2. 2. ARC Insights, Page 2 ©2003 • ARC • 3 Allied Drive • Dedham, MA 02026 USA • 781-471-1000 • ARCweb.com 5. Centralization of Business Functions Grows in Europe HIT: Rapidly becoming the norm as the European community moves to standard processes, partially driven by European Union directives. 6. Merging of Outsourced Manufacturing and Logistics HIT: Flextronics and Solectron continue to enhance their logistics offer- ings. In CPG, packaging service providers are adding logistics and 3PLs are adding packaging and light manufacturing capabilities. 7. Mid-tier Software Suppliers Split Into Two Distinct Camps HIT: Clearly driven by consolidation and belief among many ISVs that Microsoft is either their future parent or a clear and present danger, the market continues to split, either.Net-centric or J2EE-centric. 8. Software Suppliers Take on Greater Services Role HIT: Looking for revenue growth, software suppliers grow their service offerings at the expense of SI partners and other service providers. 9. Asset Optimization and Servicing Becomes Strategic MIXED: Asset intensive industries such as refining, chemical and utili- ties are taking a strategic view. Broader adoption across all manufacturing sectors remains lackluster. 10. PLM Continues to See Strong, but Focused Growth MIXED: PLM market saw only modest growth (~8-10%) but small niche areas, such as Portfolio Mgmt., saw nearly double that growth. A Breath of Fresh Air & Spending in 2004 ARC’s 10 predictions for 2004 are: 1. IT Spending Accelerates 2. Consolidation Continues Unabated 3. ASP Acceptance Grows: Splits in Two 4. SCE Suppliers Win RFID Sweepstakes 5. HOS Regulation Sparks Greater Collaboration 6. SCP Suppliers Look to Services for Revenue Growth 7. Value Proposition Difficulties Gives PLM Vision Cataracts 8. Wireless Stays Outdoors 9. EAM Suppliers Struggle for Differentiation 10. Integration, Security & Open Source Push IDE Simplification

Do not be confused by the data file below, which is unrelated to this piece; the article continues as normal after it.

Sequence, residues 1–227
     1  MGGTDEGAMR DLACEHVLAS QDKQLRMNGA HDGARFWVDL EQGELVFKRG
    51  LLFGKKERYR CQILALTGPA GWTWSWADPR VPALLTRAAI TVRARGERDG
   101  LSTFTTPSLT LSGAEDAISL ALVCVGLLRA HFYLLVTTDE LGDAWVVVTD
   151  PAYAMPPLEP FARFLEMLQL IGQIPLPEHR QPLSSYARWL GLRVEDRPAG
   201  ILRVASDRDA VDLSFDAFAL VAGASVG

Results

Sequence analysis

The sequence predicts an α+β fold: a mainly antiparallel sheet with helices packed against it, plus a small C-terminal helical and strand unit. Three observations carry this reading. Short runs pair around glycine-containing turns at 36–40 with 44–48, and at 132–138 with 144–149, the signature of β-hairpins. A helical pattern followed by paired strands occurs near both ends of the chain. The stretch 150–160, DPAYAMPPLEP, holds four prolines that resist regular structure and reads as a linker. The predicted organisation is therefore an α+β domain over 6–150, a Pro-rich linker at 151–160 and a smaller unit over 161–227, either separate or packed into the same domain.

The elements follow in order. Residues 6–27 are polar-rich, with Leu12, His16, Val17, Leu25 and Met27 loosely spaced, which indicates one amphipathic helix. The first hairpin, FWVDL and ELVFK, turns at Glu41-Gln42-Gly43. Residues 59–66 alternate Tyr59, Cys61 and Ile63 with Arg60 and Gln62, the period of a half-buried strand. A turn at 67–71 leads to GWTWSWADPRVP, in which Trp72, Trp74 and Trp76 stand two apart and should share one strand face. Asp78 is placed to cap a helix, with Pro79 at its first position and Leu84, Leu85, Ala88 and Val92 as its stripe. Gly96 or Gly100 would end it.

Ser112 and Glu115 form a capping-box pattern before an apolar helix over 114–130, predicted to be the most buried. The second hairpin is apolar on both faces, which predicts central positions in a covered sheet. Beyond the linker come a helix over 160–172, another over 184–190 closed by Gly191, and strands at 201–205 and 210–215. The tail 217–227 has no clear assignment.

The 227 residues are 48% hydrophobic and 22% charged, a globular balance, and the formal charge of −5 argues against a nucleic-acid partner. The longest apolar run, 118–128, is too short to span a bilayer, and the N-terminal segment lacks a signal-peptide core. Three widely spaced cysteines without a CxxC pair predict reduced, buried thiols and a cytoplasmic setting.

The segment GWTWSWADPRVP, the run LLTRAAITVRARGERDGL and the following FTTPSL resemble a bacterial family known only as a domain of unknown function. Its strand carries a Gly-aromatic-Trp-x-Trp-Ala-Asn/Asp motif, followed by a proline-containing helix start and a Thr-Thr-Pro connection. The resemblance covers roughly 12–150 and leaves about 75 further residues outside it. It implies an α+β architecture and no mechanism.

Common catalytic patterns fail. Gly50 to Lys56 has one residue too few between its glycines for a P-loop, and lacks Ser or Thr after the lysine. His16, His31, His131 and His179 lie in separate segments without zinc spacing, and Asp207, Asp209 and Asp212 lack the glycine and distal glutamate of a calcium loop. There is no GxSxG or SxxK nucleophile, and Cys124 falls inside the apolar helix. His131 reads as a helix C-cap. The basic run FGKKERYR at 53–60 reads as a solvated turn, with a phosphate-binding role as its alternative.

3. 3. ARC Insights, Page 3 ©2003 • ARC • 3 Allied Drive • Dedham, MA 02026 USA • 781-471-1000 • ARCweb.com IT Spending Accelerates After nearly three years of lackluster sales, the IT market is starting to show signs of life. Manufacturing is on the rise, access to capital is cheap, and companies are coming to grips with the need to replace aging systems and capitalize on capabilities of newer IT solutions. Suppliers are reporting in- creased activity, with well-defined budgets. This has created some relief from the freefall in pricing as prices begin to stabilize. Users also report better access to experienced consultants at up to 25% discounted rates. This combined with offshore outsourcing is allowing a few of the early spenders to capitalize on some very attractive opportunities. The free-spending ways of the ‘90s, however, are long gone and may never return. Investment in IT, while on the rise, will be focused on key strategic areas with well-defined implementation timeframes on the order of months, not years, coupled with equally well-defined business value for such investment. It’s getting better, but not necessarily easier for suppliers. Consolidation Continues Unabated 2003 saw numerous consolidation plays, especially in the ERP market. The largest potential deal, which has yet to be consummated, is Oracle’s hostile bid for PeopleSoft. The bid by Oracle saw a vehement response by People- Soft, one which will not lessen in 2004 and ultimately we see PeopleSoft prevailing. But beyond the Oracle-PeopleSoft saga, other deals will occur as the market is undergoing a fundamental transformation. To lower cus- tomer acquisition costs, stronger players are taking advantage of low valuations to acquire weaker players and their customers. ERP has seen the majority of acquisitions but be prepared for consolidation in other maturing sectors – there are simply too many suppliers. Both SCM and CRM are two areas where one can expect significant consolidation in 2004. Potential acquirers have already scrutinized most potential targets in the US. However, in Europe there are still many relatively small, quality software companies available at attractive valuations. ASP Acceptance Grows: Splits in Two The application service provider (ASP) model has finally evolved from “quirky idea” to viable option. Currently referred to as “hosted solutions” (ASP moniker has negative connotations from the dot com era), this soft- ware delivery model is seeing strong growth, which will only accelerate in 2004. Not soon enough, unfortunately, for most VC-backed ASP’s who, for